Award-winning project

The Polli:Nation project was recognised by the National Lottery Awards for its work, beating 700 other projects and six other finalists. We were voted for by the public as the winner of the “Best Environmental Project” category 2018 at the National Lottery Good Causes awards.

Polli:Nation worked with 260 schools and 35,000 pupils across the UK – from the tip of Cornwall to John O Groats.

Pupils have led practical and active conservation efforts to protect the last colonies of Long-horned bees in Cornwall, while on the coast of Northern Scotland pupils have been planting and surveying to support the Great yellow bumblebee in its last remaining home.

Across Wales, Northern Ireland and England teachers and pupils have identified our pollinators, created habitats and homes for them and become ambassadors for these key species.

The largest colony of Lady’s Tresses Orchid (and only the 6th site in the country) was uncovered in Cambridge House school in Northern Ireland – simply by identifying a potentially wildlife rich area of grassland and letting it grow.

Three schools were recognised by DEFRA as Bees’ Needs Champions and the project itself won an award for its contribution in 2018.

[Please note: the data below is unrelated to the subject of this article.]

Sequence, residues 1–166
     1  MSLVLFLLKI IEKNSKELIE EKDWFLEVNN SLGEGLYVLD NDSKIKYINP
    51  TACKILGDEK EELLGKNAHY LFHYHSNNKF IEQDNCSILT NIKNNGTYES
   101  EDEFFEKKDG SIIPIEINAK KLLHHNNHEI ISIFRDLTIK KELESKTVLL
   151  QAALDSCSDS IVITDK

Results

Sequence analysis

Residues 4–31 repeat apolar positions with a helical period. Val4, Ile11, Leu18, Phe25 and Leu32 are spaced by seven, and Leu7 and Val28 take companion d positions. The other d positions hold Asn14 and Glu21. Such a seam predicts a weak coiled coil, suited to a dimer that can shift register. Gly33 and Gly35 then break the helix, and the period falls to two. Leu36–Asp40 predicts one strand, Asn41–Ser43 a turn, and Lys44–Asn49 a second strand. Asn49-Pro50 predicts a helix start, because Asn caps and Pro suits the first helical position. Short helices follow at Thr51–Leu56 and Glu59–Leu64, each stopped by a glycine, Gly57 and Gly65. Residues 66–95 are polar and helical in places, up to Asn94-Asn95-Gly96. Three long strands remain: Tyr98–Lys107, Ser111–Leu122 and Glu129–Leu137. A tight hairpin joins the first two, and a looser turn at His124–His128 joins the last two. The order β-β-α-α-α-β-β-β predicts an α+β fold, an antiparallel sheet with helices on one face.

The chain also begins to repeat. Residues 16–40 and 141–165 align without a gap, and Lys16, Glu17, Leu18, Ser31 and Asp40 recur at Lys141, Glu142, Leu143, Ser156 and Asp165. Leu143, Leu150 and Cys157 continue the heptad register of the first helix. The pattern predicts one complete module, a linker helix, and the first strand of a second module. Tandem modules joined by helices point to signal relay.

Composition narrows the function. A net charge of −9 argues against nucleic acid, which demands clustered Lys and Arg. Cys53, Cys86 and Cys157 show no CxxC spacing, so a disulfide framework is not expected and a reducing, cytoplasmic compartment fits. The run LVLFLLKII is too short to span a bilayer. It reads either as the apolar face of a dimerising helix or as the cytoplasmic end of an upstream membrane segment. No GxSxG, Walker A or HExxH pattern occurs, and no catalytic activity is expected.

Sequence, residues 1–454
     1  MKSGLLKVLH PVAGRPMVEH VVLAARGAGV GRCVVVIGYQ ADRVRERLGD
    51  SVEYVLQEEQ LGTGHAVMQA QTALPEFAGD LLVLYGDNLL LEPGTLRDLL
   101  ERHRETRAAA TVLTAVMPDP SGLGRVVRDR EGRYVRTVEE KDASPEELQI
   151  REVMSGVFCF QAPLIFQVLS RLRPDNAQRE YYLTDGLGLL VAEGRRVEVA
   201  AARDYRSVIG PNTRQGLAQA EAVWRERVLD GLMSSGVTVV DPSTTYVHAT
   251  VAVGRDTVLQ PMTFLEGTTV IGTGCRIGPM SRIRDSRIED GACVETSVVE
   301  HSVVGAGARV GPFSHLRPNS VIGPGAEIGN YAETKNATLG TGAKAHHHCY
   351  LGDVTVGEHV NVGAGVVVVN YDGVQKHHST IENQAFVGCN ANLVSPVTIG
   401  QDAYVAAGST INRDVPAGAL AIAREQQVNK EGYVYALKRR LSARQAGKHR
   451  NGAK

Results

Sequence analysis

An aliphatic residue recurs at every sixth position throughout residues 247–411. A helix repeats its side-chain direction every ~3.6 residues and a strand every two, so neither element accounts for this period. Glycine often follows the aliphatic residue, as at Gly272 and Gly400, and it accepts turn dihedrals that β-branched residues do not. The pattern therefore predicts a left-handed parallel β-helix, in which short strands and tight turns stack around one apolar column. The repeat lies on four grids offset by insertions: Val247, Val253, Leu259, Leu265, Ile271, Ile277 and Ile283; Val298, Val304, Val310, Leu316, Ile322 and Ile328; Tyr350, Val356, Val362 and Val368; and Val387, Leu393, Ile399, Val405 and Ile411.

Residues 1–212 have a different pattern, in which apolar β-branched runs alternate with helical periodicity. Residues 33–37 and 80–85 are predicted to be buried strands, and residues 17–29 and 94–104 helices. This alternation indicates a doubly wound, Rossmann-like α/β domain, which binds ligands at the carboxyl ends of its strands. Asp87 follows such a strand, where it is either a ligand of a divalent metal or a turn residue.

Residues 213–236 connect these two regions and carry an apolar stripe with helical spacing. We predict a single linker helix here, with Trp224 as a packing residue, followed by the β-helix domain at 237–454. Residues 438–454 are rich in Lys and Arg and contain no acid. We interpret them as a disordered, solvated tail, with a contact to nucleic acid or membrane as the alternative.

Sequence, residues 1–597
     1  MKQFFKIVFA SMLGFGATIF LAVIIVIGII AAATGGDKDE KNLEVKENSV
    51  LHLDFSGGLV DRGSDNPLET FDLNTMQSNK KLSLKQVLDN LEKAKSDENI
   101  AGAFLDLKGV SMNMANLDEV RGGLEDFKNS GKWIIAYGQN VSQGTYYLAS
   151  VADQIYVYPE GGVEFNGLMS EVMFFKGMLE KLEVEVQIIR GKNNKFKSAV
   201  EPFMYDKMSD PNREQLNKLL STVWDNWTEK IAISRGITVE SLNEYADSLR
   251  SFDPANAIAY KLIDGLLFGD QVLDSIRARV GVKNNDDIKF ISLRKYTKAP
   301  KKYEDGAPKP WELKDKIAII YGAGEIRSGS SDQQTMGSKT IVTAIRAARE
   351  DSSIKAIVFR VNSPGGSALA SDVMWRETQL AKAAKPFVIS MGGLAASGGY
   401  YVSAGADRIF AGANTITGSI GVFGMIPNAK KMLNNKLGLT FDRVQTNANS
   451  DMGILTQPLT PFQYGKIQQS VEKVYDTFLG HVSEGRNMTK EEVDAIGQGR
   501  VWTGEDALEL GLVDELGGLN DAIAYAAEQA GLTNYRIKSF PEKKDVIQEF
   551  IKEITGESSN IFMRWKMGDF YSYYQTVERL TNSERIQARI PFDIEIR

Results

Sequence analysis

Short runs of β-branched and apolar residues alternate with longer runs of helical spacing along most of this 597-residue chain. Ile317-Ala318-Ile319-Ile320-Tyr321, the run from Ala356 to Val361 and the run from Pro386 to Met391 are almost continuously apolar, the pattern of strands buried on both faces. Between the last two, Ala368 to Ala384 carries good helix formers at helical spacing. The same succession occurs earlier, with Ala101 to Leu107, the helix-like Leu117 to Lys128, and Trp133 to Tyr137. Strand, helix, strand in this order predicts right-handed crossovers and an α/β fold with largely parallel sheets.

Why should I take action?

A number of studies released in 2018 have shown dramatic declines in insect populations from the rainforests of Puerto Rico to our own countryside.

Three quarters of UK butterfly populations are in decline (Butterfly Conservation) and a recent study in Germany (2018) compiling data from across the country showed a similar decline in all insect numbers (76% decline in 30 years).

A 2014 UK government report showed an overall decline in nearly all of our 260+ species of bee.

What can I do?

Insects – which includes all of our pollinators – need your help.

They are homeless and hungry. By creating habitats in your garden, local spaces, roof tops, balconies or wherever you can, you can provide them with pollen and nectar: food where there may be none.

You can plant a wide variety of plants and flowers (wherever you can and for as long as you can!) between February and October; this will cater  for their different needs and the varied times they emerge.

Be untidy! Hoverfly larvae need small amounts of standing water to grow and hatch and beetle grubs can often be found in leaf litter and dead wood.

Tell your friends; make this a movement and something to be proud off.  Insects – specifically pollinating insects – are a key part of every food chain. Without them we will have fewer foods, less beautiful wildlife to enjoy and certainly a poorer world for future generations.